When it’s time to update your closet, you may get rid of some items while planning to add a few more. But what really happens to your clothes once you’ve decided to donate them?
Let’s get a behind-the-scenes look into the life cycle of secondhand clothing to gain more insight as to what occurs inside and outside secondhand shops.
When you take your clothes to the donation area of a thrift store, the employees will begin to sift through them while adhering to strict quality guidelines. If the clothes pass inspection, the employees will place them on the selling floor and sell them at a discounted price.
However, if the clothing items do not pass inspection, they enter the export process, which we will discuss next.
During the export process, clothing that didn’t make it into physical stores goes through a similar sifting process to be graded based on quality, sustainability, and condition. Most export companies grade the clothing based on a grading system—the highest grade (A) is assigned to items that can be sold at a higher price internationally.
Materials Are Broken Down
Clothing that rates low on the grading scale can either be sent to a landfill or broken down to pull its materials out for other uses, depending on the clothing material. Many materials contain fibers that can be broken down with ease, whereas others may cause difficulty. These raw materials can then be recycled and sold as repurposed items. For example, if a company decides to buy used t-shirts in bulk, they may be assisting the secondhand community and promoting the reduce, reuse, recycle mission.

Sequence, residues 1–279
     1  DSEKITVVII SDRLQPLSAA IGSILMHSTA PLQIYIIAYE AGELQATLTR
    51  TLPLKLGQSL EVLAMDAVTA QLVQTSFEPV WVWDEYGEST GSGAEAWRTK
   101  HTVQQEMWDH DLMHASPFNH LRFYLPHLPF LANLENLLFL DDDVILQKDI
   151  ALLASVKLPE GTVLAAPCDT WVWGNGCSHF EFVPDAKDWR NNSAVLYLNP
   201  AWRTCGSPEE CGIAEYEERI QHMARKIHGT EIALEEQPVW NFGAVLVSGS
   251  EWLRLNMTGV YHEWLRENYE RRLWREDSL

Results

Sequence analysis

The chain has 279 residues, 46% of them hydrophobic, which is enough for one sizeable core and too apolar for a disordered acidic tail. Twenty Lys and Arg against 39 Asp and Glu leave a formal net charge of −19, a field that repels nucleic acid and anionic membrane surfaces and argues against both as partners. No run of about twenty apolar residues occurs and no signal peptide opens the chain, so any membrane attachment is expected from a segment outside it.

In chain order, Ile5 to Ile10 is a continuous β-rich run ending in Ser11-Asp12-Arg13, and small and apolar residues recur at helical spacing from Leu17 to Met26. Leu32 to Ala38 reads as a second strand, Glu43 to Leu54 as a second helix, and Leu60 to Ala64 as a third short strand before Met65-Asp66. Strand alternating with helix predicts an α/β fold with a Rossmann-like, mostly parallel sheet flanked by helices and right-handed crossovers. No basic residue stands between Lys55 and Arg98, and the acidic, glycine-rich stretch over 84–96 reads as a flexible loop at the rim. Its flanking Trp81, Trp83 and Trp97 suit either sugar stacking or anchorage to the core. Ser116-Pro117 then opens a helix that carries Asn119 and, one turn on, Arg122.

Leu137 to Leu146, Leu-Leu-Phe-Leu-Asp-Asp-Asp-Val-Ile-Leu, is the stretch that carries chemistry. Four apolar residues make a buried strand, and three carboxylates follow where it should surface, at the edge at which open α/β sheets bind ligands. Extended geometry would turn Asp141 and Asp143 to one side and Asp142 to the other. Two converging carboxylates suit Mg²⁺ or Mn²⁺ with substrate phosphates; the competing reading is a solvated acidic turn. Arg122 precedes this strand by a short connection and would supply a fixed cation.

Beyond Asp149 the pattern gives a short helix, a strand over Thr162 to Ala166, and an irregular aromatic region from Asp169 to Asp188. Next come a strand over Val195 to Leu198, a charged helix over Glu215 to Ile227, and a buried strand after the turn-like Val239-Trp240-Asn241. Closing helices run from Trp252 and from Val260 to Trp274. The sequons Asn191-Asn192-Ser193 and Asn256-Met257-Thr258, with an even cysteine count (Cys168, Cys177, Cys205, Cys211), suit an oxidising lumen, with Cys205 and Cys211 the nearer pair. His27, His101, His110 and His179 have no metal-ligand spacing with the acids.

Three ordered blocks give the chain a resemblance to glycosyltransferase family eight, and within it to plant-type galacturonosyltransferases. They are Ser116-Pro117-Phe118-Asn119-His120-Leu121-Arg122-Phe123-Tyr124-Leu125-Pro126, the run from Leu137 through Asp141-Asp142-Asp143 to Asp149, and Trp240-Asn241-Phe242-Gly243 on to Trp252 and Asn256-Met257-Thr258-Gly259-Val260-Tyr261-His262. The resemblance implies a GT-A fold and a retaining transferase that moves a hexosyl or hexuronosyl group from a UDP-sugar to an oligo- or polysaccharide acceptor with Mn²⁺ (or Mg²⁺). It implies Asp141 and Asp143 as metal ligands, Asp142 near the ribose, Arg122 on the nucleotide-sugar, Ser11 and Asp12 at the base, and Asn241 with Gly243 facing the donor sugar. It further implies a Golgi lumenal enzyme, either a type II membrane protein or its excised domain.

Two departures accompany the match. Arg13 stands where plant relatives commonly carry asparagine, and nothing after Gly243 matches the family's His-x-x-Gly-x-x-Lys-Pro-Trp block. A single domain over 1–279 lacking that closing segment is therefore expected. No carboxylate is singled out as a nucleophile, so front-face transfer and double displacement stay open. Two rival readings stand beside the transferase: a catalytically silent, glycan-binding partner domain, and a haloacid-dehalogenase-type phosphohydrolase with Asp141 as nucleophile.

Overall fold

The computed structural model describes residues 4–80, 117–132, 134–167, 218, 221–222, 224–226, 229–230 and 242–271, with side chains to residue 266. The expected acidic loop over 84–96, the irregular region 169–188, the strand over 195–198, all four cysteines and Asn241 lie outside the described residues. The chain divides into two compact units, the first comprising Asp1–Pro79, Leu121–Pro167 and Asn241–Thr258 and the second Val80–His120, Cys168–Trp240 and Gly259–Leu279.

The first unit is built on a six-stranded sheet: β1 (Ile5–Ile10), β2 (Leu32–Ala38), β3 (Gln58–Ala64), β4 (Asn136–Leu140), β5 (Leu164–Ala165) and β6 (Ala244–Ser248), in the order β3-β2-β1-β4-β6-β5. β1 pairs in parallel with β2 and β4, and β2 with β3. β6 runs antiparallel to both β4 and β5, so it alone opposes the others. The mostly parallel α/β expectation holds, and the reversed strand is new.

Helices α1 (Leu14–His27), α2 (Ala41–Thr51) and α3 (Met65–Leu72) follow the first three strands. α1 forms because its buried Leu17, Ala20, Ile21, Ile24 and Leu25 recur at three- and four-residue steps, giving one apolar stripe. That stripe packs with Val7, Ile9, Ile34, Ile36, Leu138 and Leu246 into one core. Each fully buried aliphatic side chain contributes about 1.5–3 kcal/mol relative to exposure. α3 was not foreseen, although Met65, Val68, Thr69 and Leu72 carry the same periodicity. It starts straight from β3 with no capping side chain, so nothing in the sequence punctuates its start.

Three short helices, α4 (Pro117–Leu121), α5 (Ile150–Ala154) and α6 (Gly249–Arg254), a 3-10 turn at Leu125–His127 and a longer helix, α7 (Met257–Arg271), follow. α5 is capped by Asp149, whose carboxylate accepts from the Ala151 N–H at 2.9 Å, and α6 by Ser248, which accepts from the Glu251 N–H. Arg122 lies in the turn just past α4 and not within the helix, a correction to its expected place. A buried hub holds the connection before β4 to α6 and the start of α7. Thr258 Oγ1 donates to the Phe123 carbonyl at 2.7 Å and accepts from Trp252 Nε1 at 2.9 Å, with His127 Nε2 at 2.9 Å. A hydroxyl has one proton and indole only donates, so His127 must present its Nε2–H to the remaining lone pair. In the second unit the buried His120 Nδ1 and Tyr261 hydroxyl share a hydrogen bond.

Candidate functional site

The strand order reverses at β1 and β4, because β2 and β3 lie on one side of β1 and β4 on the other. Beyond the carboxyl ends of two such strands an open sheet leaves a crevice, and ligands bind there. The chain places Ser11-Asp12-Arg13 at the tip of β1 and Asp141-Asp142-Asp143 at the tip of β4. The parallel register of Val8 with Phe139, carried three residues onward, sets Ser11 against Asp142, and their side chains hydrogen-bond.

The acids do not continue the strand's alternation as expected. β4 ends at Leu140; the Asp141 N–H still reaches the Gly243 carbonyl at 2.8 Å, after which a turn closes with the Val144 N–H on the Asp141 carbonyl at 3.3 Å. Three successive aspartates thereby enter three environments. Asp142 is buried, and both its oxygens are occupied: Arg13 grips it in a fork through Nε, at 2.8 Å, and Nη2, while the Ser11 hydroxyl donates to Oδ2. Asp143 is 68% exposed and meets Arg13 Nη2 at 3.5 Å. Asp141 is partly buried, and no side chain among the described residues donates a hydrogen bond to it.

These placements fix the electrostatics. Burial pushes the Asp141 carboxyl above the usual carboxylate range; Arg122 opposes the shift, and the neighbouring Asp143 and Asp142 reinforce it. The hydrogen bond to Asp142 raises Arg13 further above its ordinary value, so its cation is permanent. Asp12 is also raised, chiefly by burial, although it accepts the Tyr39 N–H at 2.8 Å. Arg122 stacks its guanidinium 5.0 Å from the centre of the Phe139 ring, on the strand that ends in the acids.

Secondhand shopping can greatly benefit your wallet, the community, and the environment you live in. It’s important to do your research before donating secondhand items to ensure your items can be utilized for other purposes rather than going into the landfill.
The life cycle of secondhand clothing is an important aspect of how our communities function and work together to improve our planet.